Ignore all the gushing hype, the incredulous gasps of admiration that Boris (Houdini) Johnson seems to have achieved the impossible and actually agreed with those die-in-the-ditch-intransigent Eurocrats withdrawal terms for the UK to leave the EU.
There’s only one question that matters. Is this actually Brexit, or is it Brexit in name only which will leave the UK still shackled to the EU? While I reserve final judgment until I’ve had the opportunity to study the small print, it looks horribly like the latter.
Johnson has failed to extricate himself from the trap I previously outlined here. Having identified the backstop alone as the problem with Theresa May’s withdrawal deal, he got it removed – two cheers, but an achievement which itself has been rejected as inadequate by the DUP.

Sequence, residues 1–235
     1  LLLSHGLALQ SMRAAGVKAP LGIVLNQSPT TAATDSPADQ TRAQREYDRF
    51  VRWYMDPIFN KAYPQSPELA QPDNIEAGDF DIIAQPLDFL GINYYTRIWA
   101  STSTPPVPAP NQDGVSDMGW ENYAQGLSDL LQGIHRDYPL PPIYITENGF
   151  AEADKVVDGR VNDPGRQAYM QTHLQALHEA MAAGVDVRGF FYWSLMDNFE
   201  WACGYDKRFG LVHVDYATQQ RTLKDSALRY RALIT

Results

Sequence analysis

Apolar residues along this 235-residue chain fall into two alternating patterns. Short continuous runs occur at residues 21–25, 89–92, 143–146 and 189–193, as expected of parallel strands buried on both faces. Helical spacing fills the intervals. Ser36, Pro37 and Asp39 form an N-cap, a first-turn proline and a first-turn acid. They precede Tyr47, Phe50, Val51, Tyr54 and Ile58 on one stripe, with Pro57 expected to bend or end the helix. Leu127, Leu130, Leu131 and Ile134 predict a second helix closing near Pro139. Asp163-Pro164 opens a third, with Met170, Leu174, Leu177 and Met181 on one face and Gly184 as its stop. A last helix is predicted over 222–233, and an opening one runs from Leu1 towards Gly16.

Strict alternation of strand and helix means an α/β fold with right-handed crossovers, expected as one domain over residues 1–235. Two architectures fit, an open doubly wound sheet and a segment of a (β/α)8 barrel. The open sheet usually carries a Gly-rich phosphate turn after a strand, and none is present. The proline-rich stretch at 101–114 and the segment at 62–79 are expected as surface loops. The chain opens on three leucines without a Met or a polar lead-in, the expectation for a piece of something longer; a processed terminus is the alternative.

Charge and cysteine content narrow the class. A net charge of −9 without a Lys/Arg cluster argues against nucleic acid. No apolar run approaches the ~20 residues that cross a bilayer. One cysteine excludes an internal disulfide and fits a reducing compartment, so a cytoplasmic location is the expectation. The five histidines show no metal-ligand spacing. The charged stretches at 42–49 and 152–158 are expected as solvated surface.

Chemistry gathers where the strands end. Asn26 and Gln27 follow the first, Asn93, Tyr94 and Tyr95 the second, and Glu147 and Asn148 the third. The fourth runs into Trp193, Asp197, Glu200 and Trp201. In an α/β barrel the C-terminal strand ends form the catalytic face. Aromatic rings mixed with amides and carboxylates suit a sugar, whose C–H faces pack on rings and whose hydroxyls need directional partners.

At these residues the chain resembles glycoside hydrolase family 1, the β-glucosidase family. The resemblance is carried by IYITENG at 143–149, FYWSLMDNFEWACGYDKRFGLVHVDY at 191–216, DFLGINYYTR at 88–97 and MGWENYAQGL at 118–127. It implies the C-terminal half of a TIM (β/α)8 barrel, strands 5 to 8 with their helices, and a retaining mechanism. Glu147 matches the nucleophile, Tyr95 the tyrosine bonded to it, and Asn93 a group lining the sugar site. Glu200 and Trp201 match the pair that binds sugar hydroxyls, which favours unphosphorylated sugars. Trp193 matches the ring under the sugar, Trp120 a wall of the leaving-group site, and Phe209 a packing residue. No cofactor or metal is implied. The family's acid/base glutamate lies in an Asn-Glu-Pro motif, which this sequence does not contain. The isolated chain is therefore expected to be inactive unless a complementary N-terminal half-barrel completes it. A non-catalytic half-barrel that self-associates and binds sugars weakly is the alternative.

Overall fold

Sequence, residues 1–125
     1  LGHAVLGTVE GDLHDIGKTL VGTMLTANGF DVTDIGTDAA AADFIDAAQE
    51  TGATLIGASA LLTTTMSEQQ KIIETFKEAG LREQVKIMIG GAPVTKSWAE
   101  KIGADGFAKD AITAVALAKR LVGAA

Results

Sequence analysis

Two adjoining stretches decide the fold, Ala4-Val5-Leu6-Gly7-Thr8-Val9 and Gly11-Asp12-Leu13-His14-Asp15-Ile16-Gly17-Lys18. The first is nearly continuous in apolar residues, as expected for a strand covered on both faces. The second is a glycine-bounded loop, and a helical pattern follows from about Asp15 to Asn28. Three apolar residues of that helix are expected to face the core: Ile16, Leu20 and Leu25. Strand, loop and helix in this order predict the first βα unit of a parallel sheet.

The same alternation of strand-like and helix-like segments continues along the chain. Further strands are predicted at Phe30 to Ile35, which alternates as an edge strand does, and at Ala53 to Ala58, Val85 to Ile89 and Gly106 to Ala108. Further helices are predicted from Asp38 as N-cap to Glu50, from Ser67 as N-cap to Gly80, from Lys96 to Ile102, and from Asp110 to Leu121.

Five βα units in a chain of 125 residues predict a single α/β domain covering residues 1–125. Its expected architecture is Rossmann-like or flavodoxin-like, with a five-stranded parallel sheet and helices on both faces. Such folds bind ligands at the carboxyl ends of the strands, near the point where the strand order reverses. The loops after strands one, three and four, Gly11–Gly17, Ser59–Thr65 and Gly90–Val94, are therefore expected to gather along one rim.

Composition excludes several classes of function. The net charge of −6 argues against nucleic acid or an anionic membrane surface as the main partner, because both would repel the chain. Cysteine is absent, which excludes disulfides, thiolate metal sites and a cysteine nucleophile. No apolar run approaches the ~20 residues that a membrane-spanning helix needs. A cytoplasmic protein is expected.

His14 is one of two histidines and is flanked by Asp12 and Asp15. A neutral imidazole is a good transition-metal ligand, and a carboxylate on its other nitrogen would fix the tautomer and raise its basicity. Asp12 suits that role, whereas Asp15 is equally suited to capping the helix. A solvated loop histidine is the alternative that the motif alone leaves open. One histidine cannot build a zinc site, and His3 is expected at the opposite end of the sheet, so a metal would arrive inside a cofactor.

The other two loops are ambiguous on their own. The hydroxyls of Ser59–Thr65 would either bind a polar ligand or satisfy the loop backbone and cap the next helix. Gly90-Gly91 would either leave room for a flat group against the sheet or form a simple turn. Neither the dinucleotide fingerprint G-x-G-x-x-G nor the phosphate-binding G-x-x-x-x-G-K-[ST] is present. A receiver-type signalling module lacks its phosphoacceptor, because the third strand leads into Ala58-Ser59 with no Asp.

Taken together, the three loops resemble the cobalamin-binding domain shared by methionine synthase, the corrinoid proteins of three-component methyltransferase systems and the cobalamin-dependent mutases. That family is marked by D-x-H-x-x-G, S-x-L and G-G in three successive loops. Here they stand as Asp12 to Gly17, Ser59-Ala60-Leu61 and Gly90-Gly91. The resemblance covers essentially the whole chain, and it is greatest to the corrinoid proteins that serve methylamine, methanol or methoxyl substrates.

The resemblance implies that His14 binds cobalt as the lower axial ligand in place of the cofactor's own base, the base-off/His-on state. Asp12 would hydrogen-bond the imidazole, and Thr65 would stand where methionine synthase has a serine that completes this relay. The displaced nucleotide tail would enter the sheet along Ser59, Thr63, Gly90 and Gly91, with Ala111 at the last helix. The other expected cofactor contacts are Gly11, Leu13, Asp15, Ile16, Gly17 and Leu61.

But the backstop was not the only problem with the May deal. There were others, not least the legally binding Political Declaration which even without the backstop would trap the UK under continuing EU control.
Although the commitment in the Political Declaration to sign up to a customs union in a future trade deal has now been changed to “regulatory alignment”, the effect would still be to shackle the UK to EU regulations and other conditions. As a result, the UK would not be free to do the deals with other countries that it wanted in order to obtain the maximum benefit for Britain.
As the Telegraph reports: